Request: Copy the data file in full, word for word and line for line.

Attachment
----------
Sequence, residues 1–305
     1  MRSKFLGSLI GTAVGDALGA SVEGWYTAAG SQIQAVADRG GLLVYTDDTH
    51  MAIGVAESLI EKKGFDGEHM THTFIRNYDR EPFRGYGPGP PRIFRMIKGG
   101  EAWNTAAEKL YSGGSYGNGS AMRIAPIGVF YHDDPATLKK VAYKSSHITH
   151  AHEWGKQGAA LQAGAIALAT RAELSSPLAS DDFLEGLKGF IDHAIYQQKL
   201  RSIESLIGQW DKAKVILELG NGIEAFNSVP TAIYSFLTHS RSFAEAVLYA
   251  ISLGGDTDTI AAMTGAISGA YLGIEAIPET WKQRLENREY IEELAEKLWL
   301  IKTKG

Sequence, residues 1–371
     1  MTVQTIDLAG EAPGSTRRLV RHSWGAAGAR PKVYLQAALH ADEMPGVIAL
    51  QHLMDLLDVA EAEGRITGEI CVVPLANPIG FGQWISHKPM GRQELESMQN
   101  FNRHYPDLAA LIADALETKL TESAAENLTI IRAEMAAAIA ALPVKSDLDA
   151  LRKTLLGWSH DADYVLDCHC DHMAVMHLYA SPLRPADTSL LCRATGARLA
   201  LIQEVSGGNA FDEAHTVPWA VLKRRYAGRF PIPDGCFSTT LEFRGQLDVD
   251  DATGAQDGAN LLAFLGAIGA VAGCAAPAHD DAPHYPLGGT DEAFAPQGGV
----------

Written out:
Sequence, residues 1–305
     1  MRSKFLGSLI GTAVGDALGA SVEGWYTAAG SQIQAVADRG GLLVYTDDTH
    51  MAIGVAESLI EKKGFDGEHM THTFIRNYDR EPFRGYGPGP PRIFRMIKGG
   101  EAWNTAAEKL YSGGSYGNGS AMRIAPIGVF YHDDPATLKK VAYKSSHITH
   151  AHEWGKQGAA LQAGAIALAT RAELSSPLAS DDFLEGLKGF IDHAIYQQKL
   201  RSIESLIGQW DKAKVILELG NGIEAFNSVP TAIYSFLTHS RSFAEAVLYA
   251  ISLGGDTDTI AAMTGAISGA YLGIEAIPET WKQRLENREY IEELAEKLWL
   301  IKTKG

Sequence, residues 1–371
     1  MTVQTIDLAG EAPGSTRRLV RHSWGAAGAR PKVYLQAALH ADEMPGVIAL
    51  QHLMDLLDVA EAEGRITGEI CVVPLANPIG FGQWISHKPM GRQELESMQN
   101  FNRHYPDLAA LIADALETKL TESAAENLTI IRAEMAAAIA ALPVKSDLDA
   151  LRKTLLGWSH DADYVLDCHC DHMAVMHLYA SPLRPADTSL LCRATGARLA
   201  LIQEVSGGNA FDEAHTVPWA VLKRRYAGRF PIPDGCFSTT LEFRGQLDVD
   251  DATGAQDGAN LLAFLGAIGA VAGCAAPAHD DAPHYPLGGT DEAFAPQGGV